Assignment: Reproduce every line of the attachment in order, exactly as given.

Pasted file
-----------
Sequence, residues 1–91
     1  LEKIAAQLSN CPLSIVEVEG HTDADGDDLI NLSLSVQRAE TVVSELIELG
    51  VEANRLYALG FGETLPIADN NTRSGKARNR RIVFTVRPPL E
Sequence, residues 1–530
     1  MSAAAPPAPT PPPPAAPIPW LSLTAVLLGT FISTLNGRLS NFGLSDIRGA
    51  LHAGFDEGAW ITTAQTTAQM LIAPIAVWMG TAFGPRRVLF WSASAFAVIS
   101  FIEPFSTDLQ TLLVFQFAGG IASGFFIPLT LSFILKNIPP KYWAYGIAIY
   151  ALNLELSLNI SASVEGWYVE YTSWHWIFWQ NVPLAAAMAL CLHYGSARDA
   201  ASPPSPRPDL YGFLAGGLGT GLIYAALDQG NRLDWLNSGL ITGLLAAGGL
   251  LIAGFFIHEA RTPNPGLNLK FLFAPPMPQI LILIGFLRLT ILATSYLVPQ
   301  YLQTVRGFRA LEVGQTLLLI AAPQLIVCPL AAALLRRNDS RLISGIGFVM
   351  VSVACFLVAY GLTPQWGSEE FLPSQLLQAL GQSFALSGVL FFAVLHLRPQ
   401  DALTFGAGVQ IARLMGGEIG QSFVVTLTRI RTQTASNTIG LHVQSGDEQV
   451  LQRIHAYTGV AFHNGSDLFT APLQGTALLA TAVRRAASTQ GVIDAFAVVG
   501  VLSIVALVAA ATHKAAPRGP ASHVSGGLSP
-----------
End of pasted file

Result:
Sequence, residues 1–91
     1  LEKIAAQLSN CPLSIVEVEG HTDADGDDLI NLSLSVQRAE TVVSELIELG
    51  VEANRLYALG FGETLPIADN NTRSGKARNR RIVFTVRPPL E
Sequence, residues 1–530
     1  MSAAAPPAPT PPPPAAPIPW LSLTAVLLGT FISTLNGRLS NFGLSDIRGA
    51  LHAGFDEGAW ITTAQTTAQM LIAPIAVWMG TAFGPRRVLF WSASAFAVIS
   101  FIEPFSTDLQ TLLVFQFAGG IASGFFIPLT LSFILKNIPP KYWAYGIAIY
   151  ALNLELSLNI SASVEGWYVE YTSWHWIFWQ NVPLAAAMAL CLHYGSARDA
   201  ASPPSPRPDL YGFLAGGLGT GLIYAALDQG NRLDWLNSGL ITGLLAAGGL
   251  LIAGFFIHEA RTPNPGLNLK FLFAPPMPQI LILIGFLRLT ILATSYLVPQ
   301  YLQTVRGFRA LEVGQTLLLI AAPQLIVCPL AAALLRRNDS RLISGIGFVM
   351  VSVACFLVAY GLTPQWGSEE FLPSQLLQAL GQSFALSGVL FFAVLHLRPQ
   401  DALTFGAGVQ IARLMGGEIG QSFVVTLTRI RTQTASNTIG LHVQSGDEQV
   451  LQRIHAYTGV AFHNGSDLFT APLQGTALLA TAVRRAASTQ GVIDAFAVVG
   501  VLSIVALVAA ATHKAAPRGP ASHVSGGLSP